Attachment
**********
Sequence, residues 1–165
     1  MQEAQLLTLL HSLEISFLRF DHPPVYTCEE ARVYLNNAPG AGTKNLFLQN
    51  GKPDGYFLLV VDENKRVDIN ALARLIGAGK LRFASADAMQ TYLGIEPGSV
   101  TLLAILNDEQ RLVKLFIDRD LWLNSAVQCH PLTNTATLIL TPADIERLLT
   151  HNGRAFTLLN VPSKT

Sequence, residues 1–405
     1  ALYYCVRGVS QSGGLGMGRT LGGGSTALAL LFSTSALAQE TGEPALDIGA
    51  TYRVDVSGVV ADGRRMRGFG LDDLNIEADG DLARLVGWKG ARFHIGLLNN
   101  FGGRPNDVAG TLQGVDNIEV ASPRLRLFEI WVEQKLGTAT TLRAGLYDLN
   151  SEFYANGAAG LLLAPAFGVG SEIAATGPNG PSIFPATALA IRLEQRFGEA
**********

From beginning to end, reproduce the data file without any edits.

Sequence, residues 1–165
     1  MQEAQLLTLL HSLEISFLRF DHPPVYTCEE ARVYLNNAPG AGTKNLFLQN
    51  GKPDGYFLLV VDENKRVDIN ALARLIGAGK LRFASADAMQ TYLGIEPGSV
   101  TLLAILNDEQ RLVKLFIDRD LWLNSAVQCH PLTNTATLIL TPADIERLLT
   151  HNGRAFTLLN VPSKT

Sequence, residues 1–405
     1  ALYYCVRGVS QSGGLGMGRT LGGGSTALAL LFSTSALAQE TGEPALDIGA
    51  TYRVDVSGVV ADGRRMRGFG LDDLNIEADG DLARLVGWKG ARFHIGLLNN
   101  FGGRPNDVAG TLQGVDNIEV ASPRLRLFEI WVEQKLGTAT TLRAGLYDLN
   151  SEFYANGAAG LLLAPAFGVG SEIAATGPNG PSIFPATALA IRLEQRFGEA